Is Running Live TV Legal On Your Digital Signage Network?

tv_tuner

Example-only photo. Typical of what scores of software companies offer.

For as long as the term digital signage has been out there, end-users have been asking suppliers about the ability to insert live TV in a zone on the screen. And for just as long, there have been many questions and few solid answers as to whether it was entirely legal.

I’m not sure we’re any further ahead in 2016, but I’ll happily accept any insights or experiences offered to help add some clarity.

Briefly, the central issue is whether using live TV in a commercial signage application, with a license or approval from the original content source (the broadcaster or production firm) is on the right side of copyright laws – particularly if the signage display is showing advertising or promotional messages based on that TV broadcast attracting viewers.

Before I try to dig into this a bit, let me STRESS in all caps that this post constitutes observations and not advice. To get anything conclusive or entirely useful, lawyers are needed, notably ones who know a lot about broadcast technologies and copyrights.

And the questions would also need to be specific to a geography, as what’s OK here might not be OK across a state line, order or ocean.

What’s Being Done

Most typically, you’ll see screens here, there and everywhere with multiple content zones with the time, weather, news tickers, branding and a big central area that has live TV inserted in there. For some businesses, they just do all that to entertain customers as they wait.  For others, though, that TV window is live so that the screen is visually “sticky” and viewer attention will hopefully drift over to an adjacent content zone peddling drink specials in the bar, or the mortgage broker or the ambulance-chaser law firm down the street.

There are technologies out there that do things like squeeze the signal into a smaller area, from full-screen, when the game breaks for commercials, or even swaps out the signal entirely when commercials come on, running local to the venue or third-party spots when the ads are on, and switching back when the game returns.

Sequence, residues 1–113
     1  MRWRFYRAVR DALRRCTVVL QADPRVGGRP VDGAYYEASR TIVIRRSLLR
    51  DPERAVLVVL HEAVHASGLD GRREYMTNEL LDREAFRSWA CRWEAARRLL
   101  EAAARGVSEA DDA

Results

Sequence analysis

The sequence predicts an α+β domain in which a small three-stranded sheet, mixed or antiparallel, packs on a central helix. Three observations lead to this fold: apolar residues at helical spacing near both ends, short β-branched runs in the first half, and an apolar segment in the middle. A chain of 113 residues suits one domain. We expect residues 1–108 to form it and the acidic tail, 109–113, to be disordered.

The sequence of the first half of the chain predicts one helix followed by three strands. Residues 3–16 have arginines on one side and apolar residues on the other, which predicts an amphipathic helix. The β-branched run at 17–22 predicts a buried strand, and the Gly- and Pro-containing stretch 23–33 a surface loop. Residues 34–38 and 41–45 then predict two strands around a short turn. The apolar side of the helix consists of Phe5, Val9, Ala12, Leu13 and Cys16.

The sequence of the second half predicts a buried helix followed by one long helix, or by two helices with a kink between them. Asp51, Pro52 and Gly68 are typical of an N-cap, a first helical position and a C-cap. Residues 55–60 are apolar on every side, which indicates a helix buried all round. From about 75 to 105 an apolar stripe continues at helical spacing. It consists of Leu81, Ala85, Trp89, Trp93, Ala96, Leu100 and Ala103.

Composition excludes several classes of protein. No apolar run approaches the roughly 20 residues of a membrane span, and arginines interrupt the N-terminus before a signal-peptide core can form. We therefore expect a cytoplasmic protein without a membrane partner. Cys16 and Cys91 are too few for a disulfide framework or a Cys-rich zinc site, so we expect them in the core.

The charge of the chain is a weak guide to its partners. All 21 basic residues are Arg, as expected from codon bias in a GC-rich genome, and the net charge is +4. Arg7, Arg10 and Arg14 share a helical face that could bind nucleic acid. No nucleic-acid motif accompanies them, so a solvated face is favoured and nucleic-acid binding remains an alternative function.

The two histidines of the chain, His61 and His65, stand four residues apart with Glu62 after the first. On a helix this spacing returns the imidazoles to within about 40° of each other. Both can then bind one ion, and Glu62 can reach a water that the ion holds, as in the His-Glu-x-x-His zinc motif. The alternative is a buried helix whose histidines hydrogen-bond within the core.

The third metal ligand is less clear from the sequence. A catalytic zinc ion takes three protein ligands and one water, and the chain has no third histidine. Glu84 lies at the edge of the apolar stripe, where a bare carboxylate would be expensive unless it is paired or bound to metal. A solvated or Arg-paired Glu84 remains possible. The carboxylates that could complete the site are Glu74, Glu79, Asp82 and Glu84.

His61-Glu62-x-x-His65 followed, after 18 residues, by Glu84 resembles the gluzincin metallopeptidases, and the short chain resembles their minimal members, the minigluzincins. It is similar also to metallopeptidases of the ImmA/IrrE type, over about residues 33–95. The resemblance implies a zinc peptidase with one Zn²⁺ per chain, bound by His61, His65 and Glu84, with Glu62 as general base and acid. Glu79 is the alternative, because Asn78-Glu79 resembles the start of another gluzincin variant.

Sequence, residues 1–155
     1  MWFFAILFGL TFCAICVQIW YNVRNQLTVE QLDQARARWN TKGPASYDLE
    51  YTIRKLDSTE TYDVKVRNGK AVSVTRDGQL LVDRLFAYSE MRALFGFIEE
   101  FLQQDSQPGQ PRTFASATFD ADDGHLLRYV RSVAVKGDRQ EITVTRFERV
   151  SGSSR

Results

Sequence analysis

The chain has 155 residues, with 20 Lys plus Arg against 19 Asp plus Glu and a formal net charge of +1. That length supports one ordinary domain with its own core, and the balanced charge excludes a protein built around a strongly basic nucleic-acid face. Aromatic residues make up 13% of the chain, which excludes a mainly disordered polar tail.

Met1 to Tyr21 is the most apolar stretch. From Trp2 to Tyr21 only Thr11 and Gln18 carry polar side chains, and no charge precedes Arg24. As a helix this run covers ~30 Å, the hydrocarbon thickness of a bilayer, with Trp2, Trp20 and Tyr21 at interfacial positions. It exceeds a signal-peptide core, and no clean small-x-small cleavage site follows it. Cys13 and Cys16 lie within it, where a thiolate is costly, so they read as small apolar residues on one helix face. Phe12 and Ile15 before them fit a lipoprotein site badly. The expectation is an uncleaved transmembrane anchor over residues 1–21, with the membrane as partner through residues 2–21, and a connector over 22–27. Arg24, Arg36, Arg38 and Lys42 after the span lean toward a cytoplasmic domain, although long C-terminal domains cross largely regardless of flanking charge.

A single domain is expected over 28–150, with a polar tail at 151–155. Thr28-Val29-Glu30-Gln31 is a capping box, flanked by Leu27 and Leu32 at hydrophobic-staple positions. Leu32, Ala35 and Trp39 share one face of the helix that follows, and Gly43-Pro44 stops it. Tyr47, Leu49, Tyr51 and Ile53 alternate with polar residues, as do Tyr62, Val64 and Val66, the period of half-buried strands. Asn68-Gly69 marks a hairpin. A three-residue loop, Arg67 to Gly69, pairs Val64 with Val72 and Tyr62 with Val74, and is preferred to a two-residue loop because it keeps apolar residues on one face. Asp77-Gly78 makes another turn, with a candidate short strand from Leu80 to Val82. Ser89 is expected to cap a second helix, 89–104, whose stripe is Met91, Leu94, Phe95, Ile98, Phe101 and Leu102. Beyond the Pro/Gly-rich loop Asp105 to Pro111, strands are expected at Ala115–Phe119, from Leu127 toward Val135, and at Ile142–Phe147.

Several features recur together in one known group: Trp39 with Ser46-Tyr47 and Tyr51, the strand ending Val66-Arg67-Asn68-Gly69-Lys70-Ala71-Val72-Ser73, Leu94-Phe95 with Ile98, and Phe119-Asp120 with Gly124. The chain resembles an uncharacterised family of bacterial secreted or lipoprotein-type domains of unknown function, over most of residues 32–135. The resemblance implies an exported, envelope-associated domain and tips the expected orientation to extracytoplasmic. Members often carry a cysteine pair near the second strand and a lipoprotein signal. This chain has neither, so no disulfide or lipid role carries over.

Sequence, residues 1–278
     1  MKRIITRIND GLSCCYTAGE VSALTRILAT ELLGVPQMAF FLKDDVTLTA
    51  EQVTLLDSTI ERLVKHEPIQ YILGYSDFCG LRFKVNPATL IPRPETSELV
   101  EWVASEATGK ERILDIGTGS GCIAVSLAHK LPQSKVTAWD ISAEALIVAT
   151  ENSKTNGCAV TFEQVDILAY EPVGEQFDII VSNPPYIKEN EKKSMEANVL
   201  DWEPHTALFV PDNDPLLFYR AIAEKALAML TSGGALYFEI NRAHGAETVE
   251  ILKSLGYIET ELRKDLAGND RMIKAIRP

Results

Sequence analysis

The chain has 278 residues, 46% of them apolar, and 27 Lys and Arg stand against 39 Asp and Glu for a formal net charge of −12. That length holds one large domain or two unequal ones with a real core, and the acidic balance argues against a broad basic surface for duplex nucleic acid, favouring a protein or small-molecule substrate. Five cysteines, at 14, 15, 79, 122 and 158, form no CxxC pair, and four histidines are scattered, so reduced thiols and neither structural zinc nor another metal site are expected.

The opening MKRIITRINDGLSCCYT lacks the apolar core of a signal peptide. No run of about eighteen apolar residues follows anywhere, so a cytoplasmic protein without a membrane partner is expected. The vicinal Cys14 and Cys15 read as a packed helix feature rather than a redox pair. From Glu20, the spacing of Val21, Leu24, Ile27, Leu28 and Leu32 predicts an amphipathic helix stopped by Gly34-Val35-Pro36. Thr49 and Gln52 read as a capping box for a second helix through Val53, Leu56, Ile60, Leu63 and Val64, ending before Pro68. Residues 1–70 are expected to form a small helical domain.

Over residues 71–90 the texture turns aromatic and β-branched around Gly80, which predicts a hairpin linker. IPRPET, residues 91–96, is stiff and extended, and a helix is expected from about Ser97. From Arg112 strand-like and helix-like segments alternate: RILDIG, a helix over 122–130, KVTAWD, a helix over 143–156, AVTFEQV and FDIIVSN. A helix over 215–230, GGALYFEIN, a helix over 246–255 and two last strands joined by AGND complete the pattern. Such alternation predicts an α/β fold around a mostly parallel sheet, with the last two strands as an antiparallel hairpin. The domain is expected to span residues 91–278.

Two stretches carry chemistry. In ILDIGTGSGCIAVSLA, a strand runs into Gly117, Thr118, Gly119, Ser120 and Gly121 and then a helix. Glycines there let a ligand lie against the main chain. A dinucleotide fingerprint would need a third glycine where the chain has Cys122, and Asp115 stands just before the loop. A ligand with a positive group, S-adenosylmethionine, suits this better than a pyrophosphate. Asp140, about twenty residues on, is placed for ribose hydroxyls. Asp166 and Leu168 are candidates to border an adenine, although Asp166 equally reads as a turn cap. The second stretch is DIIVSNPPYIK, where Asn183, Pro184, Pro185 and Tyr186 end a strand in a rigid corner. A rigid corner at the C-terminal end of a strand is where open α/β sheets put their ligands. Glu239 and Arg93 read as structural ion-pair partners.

A company called TVPOS offers live TV ad replacement and explicitly says:

Our technology does not violate any U.S. laws such as DMCA, nor any rules or regulations governed by the FCC. It doesn’t modify, store, decrypt, or rebroadcast a network feed, and, in its simplest form, is merely an automated tool used to switch the input source of the display monitor, in the same way that you would with a remote control.

This technology is intended to enable venues to promote in-house services and products to its own patrons. Television Point of Sales does not recommend or condone the use of our equipment to in any way violate the U.S. Fair Use Doctrine or Copyright law by enabling profit from the sale of ad space to third parties.

Here’s a post from 2007 that tries way back then to look into what TVPOS and another company were doing. The other one had a client in the truck stop business who was nailed for copyright infringement.

There’s also a separate issue, covered recently in a guest post by IAdea’s John Wang, about High-bandwidth Digital Content Protection, or HDCP, on certified media players.

Understanding What’s Allowed

A LOT of digital signage software companies show the capability, and then market as a feature, the ability to insert live TV in a zone of a multi-zone screen layout. They drop in a news, weather or sports channel, with the idea that live TV is something viewers will want to see, and those viewers will therefore see what else is on the screen in adjacent zones.

Is broadcasted content, displayed in public places like bars and waiting rooms,  “in the public domain?” Is inserting live TV “fair use” or covered in a current broadcasting contract with a cableco?

“In the public domain” has two meanings that can cause confusion. Something that is viewable in public can be considered in the public domain. However, public domain also has a distinct legal definition. It refers to creations whose copyrights have expired, typically 70 years after the creator’s death. Since most TV programming, particular news and sports, it very recent, it does not meet the legal definition of public domain.

Many business owners don’t understand the full implications of US copyright law and will claim that their broadcasting of a TV stream falls under Fair Use. However, Fair Use is pretty narrowly defined,  and comes down to the answers to four questions:

  • Is it criticism or commentary?
  • Is it for non-profit educational uses?
  • Is it a parody?
  • How much of the material is used?

Most businesses broadcasting live TV on their displays are not going to meet these requirements.

Writer Rob Lindeboom dug into this in an article on Creative Cow about Fair Use for designers“If your usage is to create something which is more likely to benefit your own wallet and bank account, the courts will be far less likely to hear and agree with your claim of Fair Use.”